We should never give up on any child. We need to do even more to help the children who have fallen behind and who do not have those billions and trillions of connected neurons, because those children need our help even more at multiple levels if they have fallen behind in those first three years.
We need to give every child the best possible education and support throughout all of their childhood years—and we should put programs in place to help and support the ongoing progress levels for every child.
We still need to provide great education processes and great support for all children after that age.
But we all need today to be very honest with ourselves and with each other about the fact that closing the learning gaps is much harder after age four when the brains of each child become less open to the stimulus and to the neuron connection opportunities that begin in the first month of life for each child.
We need to make a commitment to help every child—and we all need to know that the process of optimal improvement and brain strengthening for each child actually begins slightly before birth.
Neuron connections begin in the first weeks and first months of life for every child — and those connections can create great levels of learning readiness in our children when we take advantage of that opportunity in that time frame.
We know the tool kit that we should be using. We know the things we can and absolutely should do to help every child.
It’s not a complex process.
Talk, Read, Sing is the First Five Commission mantra that runs in the ads and education materials for parents because brains grow and make billions of connections when adults talk, read, sing, and interact with each child in the first weeks, months, and years of life.
We are extremely fortunate that both talking and reading to children make those connections happen with great ease and with very high impact.
Children who are read to have much higher literacy levels and far more neuron connections than they would have without those books. We know from both experience and research that the security levels for the child and the parental satisfaction scores for some mother increase at very positive levels when books are available to the family and child and when reading is a regular part of each child’s day.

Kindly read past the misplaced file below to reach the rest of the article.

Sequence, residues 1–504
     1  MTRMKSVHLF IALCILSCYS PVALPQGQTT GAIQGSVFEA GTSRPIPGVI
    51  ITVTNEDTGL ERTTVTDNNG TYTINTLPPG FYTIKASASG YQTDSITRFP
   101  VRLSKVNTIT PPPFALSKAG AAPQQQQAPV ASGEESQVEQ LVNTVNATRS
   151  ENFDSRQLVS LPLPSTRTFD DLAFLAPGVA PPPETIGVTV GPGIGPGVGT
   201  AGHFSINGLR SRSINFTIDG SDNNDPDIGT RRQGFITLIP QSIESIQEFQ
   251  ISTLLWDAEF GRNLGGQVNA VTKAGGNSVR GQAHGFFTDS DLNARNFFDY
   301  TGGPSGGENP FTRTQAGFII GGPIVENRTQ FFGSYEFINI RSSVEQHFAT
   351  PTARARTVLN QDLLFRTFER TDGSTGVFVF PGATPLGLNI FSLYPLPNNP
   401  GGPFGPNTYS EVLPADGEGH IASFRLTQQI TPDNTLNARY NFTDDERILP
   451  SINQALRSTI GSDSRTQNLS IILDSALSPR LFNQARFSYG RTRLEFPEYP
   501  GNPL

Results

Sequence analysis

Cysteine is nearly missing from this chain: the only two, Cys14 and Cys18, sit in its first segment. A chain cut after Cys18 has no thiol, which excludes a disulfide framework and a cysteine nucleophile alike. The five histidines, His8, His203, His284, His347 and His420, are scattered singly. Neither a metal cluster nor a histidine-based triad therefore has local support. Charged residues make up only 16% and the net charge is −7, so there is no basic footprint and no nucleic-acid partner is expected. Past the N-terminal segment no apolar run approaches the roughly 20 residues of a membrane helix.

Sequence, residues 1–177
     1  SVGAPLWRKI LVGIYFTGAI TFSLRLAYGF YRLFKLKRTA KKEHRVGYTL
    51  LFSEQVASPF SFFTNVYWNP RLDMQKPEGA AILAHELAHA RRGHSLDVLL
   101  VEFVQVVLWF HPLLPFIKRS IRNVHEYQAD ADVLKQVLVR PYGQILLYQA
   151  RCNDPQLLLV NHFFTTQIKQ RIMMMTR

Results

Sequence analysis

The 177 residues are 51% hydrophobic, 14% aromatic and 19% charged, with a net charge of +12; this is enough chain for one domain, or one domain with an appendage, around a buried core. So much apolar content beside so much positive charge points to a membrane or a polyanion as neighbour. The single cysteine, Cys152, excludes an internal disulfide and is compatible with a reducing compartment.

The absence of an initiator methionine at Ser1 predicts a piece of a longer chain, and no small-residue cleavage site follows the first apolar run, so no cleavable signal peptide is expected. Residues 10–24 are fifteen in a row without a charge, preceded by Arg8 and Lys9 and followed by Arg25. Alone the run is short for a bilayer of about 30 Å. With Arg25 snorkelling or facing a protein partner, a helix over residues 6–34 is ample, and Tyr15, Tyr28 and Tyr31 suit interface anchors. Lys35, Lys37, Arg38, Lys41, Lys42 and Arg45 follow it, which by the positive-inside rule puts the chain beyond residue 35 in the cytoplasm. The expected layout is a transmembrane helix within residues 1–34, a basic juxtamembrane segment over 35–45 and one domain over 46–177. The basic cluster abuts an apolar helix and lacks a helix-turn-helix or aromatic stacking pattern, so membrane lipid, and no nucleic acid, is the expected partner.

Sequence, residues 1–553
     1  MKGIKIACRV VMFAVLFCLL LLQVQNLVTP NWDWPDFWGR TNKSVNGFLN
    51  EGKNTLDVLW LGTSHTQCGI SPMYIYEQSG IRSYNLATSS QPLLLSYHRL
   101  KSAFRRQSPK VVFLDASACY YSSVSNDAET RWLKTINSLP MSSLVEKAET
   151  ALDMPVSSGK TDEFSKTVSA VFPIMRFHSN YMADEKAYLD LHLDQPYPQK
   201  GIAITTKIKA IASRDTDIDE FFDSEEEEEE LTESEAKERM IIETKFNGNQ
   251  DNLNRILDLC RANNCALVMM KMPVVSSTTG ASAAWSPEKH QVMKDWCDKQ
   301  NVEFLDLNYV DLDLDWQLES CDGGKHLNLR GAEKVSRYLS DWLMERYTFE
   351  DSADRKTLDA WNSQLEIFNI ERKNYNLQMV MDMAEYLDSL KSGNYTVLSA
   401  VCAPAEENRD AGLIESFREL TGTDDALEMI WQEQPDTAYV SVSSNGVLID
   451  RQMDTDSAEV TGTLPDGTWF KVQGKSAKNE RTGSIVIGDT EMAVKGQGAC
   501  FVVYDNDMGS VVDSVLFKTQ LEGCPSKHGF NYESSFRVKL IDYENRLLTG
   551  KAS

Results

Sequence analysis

We know from the new research that reading to 1-year-old children causes those neurons to connect by the billions in each child. We also now know that more than half of the low-income homes in America do not have a single book.
That book disparity level is a huge and highly unacceptable inequity for those homes.
Massive disparities and huge inequities exist today relative to the number of books available for each set of children that should not exist when we understand how much value books add to the learning processes for our families and children.
We know that middle- and upper-income homes now average a dozen or more books per child.
We know that children from the homes with no books hear fewer than 5,000 spoken words, on average, before age five. We know that the children in homes that read at least once a day hear more than 200,000 spoken words before age five. The differences in neuron connections that happen with 5,000 spoken words instead of 200,000 words makes a huge difference in the life of each child.
It is extremely important for us all to know that both talking and reading in those first months and first years create neuron connections by the billions in each child, and we all need to recognize the sad reality that the children who do not have those connections do not do well in school.
The newly expanding brain scienceexplains clearly to us why that difference in the number of spoken words creates such huge disparities in the learning readiness levels for all of our children.
We owe our children the benefit of finally understanding that science and those processes and then using that information to give our children much better lives by doing the right things for every child in the first weeks, months and years of life.
This challenge and opportunity relate to the other disparities in both health and wealth that exist between groups. We have created massive economic disparities as a country. We owe our children a chance to make those disparities disappear.